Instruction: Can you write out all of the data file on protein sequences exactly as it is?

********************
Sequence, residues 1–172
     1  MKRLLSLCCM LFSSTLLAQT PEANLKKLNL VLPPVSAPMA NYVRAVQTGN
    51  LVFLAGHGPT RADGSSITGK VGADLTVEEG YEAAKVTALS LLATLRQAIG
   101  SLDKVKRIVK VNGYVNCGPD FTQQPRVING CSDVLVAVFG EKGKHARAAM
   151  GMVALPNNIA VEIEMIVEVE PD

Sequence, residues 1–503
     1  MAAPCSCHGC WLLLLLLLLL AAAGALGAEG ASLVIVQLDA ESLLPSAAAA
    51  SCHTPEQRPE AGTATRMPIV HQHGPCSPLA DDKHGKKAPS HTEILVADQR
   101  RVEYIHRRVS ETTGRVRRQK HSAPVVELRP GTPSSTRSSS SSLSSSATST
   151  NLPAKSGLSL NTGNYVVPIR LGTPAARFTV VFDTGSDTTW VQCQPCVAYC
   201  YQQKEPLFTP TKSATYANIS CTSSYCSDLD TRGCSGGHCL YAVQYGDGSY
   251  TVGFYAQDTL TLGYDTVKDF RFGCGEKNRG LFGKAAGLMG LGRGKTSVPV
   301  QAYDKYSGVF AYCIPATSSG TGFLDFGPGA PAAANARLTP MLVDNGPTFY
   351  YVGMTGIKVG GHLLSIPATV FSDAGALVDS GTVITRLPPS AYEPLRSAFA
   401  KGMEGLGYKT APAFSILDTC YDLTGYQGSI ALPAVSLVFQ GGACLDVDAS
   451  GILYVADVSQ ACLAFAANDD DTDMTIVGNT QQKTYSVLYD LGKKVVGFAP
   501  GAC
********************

Sequence, residues 1–172
     1  MKRLLSLCCM LFSSTLLAQT PEANLKKLNL VLPPVSAPMA NYVRAVQTGN
    51  LVFLAGHGPT RADGSSITGK VGADLTVEEG YEAAKVTALS LLATLRQAIG
   101  SLDKVKRIVK VNGYVNCGPD FTQQPRVING CSDVLVAVFG EKGKHARAAM
   151  GMVALPNNIA VEIEMIVEVE PD

Sequence, residues 1–503
     1  MAAPCSCHGC WLLLLLLLLL AAAGALGAEG ASLVIVQLDA ESLLPSAAAA
    51  SCHTPEQRPE AGTATRMPIV HQHGPCSPLA DDKHGKKAPS HTEILVADQR
   101  RVEYIHRRVS ETTGRVRRQK HSAPVVELRP GTPSSTRSSS SSLSSSATST
   151  NLPAKSGLSL NTGNYVVPIR LGTPAARFTV VFDTGSDTTW VQCQPCVAYC
   201  YQQKEPLFTP TKSATYANIS CTSSYCSDLD TRGCSGGHCL YAVQYGDGSY
   251  TVGFYAQDTL TLGYDTVKDF RFGCGEKNRG LFGKAAGLMG LGRGKTSVPV
   301  QAYDKYSGVF AYCIPATSSG TGFLDFGPGA PAAANARLTP MLVDNGPTFY
   351  YVGMTGIKVG GHLLSIPATV FSDAGALVDS GTVITRLPPS AYEPLRSAFA
   401  KGMEGLGYKT APAFSILDTC YDLTGYQGSI ALPAVSLVFQ GGACLDVDAS
   451  GILYVADVSQ ACLAFAANDD DTDMTIVGNT QQKTYSVLYD LGKKVVGFAP
   501  GAC